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Harvesting the wisdom of the crowd

The “superforecasters” who show remarkable proficiency in answering big geopolitical questions - despite their lack of knowledge.

Can the wisdom of crowds make more accurate predictions than top intelligence experts? Philip E Tetlock, a University of Pennsylvania political scientist, set up the Good Judgment Project in 2011 in order to find out. Funded by the US government, the programme identified a group of “superforecasters” who, despite possessing no particular expertise nor access to any secret information, have shown remarkable proficiency in answering big geopolitical questions – such as whether Serbia would be granted European Union candidacy by the end of 2011, or whether Bashar al-Assad’s regime in Syria would survive in 2012.

Supers, as they are known, are those in the top 2 per cent of participants. Tetlock’s thesis is that by aggregating the guesses of supers, he can derive a probability that comes close to the truth. Although no one can know everything about a given topic, everyone knows a little about something. Tetlock argues that aggregation amplifies what people get right and cancels out what they get wrong.

It sounds too good to be true: a relatively simple approach that overturns decades of received wisdom, a little like the case studies in Freakonomics or Moneyball, but specific to intelligence. What is astonishing is that the approach has been shown to work, with participants achieving accuracy scores well above random chance and supposedly even beating CIA analysts (though the agency apparently refuses to confirm this).

In October, the supers held a public conference at the London School of Economics. Before it opened, I met Andreas, an Italian super who lives in London and works in finance. When I asked him which forecast he was most proud of, he told me that he had closely predicted the number of banks that would fail the EU “stress test” in 2014. But was this forecast his “best”? Rather than giving a quick answer, Andreas instinctively began to deconstruct my rephrased question, asking rhetorically what might be meant by “best”. According to Tetlock, the ability to break down questions is a key skill in becoming a super.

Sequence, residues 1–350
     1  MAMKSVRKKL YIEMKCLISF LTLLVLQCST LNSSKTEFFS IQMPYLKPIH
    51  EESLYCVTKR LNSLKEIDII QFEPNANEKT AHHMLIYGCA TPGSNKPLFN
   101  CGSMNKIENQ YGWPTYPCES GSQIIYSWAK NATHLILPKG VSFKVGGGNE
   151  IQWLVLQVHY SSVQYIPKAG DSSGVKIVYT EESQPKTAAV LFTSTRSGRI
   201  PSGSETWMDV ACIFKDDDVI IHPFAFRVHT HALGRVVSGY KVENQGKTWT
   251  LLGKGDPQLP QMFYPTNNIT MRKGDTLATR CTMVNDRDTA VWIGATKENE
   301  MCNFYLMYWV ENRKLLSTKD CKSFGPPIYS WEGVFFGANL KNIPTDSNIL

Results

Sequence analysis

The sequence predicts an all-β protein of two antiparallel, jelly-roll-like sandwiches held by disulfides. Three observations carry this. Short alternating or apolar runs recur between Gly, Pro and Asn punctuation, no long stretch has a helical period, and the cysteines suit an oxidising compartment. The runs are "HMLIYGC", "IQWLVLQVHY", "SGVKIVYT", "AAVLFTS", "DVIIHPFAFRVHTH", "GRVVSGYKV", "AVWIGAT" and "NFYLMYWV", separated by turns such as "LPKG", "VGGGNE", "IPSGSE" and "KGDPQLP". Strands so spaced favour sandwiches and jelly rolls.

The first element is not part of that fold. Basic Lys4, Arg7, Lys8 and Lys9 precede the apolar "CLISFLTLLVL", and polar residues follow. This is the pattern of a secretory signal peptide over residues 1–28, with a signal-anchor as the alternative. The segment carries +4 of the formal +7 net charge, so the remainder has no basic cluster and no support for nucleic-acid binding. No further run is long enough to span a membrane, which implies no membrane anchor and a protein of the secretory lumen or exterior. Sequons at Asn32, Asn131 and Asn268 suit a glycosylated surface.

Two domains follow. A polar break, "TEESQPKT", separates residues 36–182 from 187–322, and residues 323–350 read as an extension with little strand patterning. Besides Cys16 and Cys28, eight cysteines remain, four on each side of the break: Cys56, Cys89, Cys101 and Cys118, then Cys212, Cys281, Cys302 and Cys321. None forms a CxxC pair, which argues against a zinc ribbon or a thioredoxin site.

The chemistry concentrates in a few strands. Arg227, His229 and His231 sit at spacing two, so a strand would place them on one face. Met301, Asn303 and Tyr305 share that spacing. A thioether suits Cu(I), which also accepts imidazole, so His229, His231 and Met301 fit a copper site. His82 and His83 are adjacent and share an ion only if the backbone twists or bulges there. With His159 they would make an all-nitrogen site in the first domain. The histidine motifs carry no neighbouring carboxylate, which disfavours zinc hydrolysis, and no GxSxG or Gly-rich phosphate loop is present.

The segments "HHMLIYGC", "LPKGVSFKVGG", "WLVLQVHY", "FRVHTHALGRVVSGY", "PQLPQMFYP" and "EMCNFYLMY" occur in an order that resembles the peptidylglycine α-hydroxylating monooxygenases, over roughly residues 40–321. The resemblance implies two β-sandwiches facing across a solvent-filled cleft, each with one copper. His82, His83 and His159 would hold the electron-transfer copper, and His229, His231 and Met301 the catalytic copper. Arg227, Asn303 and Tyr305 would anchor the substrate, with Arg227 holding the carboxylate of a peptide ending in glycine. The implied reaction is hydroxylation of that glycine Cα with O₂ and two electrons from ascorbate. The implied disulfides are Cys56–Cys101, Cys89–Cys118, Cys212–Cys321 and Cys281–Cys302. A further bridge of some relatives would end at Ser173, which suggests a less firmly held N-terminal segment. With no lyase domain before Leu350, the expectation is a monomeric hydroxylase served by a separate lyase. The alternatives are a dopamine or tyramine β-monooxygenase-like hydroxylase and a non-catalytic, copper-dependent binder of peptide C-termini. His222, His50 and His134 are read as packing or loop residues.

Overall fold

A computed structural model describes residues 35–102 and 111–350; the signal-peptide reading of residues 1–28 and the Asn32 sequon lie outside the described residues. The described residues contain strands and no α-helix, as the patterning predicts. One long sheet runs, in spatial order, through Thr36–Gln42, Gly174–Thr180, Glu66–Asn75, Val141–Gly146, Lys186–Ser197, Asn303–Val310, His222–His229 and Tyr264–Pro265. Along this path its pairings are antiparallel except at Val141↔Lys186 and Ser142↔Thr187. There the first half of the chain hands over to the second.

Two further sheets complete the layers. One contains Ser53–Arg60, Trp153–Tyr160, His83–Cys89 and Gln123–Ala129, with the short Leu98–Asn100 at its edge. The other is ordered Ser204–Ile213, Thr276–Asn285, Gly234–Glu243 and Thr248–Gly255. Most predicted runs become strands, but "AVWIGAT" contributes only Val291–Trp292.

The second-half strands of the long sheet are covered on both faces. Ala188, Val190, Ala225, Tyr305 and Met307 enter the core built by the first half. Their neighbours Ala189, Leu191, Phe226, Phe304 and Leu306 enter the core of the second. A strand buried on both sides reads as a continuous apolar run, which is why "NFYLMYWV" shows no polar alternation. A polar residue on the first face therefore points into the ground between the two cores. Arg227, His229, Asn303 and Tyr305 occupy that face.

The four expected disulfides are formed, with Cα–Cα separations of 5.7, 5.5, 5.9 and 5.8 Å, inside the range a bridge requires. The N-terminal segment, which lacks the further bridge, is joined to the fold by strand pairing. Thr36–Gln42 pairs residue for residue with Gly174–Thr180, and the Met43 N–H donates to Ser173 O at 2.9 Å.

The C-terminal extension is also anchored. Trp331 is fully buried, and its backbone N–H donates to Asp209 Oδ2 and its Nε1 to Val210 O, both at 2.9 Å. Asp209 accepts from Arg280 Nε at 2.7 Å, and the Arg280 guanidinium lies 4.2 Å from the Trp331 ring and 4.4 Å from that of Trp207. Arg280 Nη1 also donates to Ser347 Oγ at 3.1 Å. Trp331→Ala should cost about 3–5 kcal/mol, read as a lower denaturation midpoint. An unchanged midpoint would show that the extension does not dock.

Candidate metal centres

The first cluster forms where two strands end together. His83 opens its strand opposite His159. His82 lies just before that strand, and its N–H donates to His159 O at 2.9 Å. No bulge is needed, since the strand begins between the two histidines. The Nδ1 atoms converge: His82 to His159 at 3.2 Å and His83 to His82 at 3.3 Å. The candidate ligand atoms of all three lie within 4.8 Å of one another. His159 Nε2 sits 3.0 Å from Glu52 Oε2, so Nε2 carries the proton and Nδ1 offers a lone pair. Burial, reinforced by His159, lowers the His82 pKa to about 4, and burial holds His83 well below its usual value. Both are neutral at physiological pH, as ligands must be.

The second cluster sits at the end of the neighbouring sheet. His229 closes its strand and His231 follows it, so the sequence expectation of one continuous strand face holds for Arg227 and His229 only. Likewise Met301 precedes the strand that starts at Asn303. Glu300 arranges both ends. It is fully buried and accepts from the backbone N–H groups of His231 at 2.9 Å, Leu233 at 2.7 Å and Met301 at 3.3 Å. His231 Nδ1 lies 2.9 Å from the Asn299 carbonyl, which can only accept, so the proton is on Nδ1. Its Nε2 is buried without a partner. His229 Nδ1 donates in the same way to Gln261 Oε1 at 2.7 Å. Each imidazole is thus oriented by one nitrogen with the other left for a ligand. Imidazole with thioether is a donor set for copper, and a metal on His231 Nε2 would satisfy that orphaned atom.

The methods used to collate judgements have varied since 2011 but one of the most successful has been to use a market, or “forecasting tournament”, which works much like a real stock market. Each super is given 50,000 units of a fictional currency known as “Inklings” to invest in various outcomes. If, say, you had bet on Assad surviving a year ago and the odds were then at 10 per cent, you would have won a big return.

What was clear as I sat in the conference room – listening to the likes of the former Ministry of Defence analyst Nick Hare speaking about forecasting defence issues, or the conference organiser Michael Story bemoaning the predictions of media pundits – was that I was surrounded by very smart people. Pablo, the super next to me, was the dean of MBA students at a major business school. One questioner identified himself as working for the Bank of England. Contrary to the promotional pitch of Tetlock’s recent book, Superforecasting: the Art and Science of Prediction, these are not, for the most part, ordinary people, but highly qualified, well-connected and well-read individuals.

One participant suggested that the questions the supers performed worst on were those in their own professional field. When it came to breaking down a question and engaging with it objectively, he claimed, he was unable to see the wood for the trees. Chris, a strategy management consultant who joined the programme in its second year, described this quality positively as “conscious incompetence” – in essence, having an awareness of what you do not know and being open to having your forecasts challenged by others so that together you can arrive at better judgements.

Wanda, a Spanish-speaking guest from Texas (something of a rarity at the conference: the demography of supers seems to be overwhelmingly white and male), told me that she had performed best on questions relating to Iran. To do so, however, she had to be dispassionate, something she found difficult because she has strong opinions about Barack Obama’s recent nuclear deal with Iran. Ironically, for a programme that focuses on contentious political issues, the one taboo among supers seems to be personal politics. When I asked another participant if he would discuss his voting patterns with his super colleagues, he said that to do so would hinder co-operation.

So, what are the chances that this method of intelligence gathering will be taken seriously beyond this select group? I’m not so sure, but I know the right people to ask.

This article first appeared in the 29 October 2015 issue of the New Statesman, Israel: the Third Intifada?

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Marching against climate change in the age of Donald Trump

The People’s Climate Movement is as much about politics as science. That's its strength.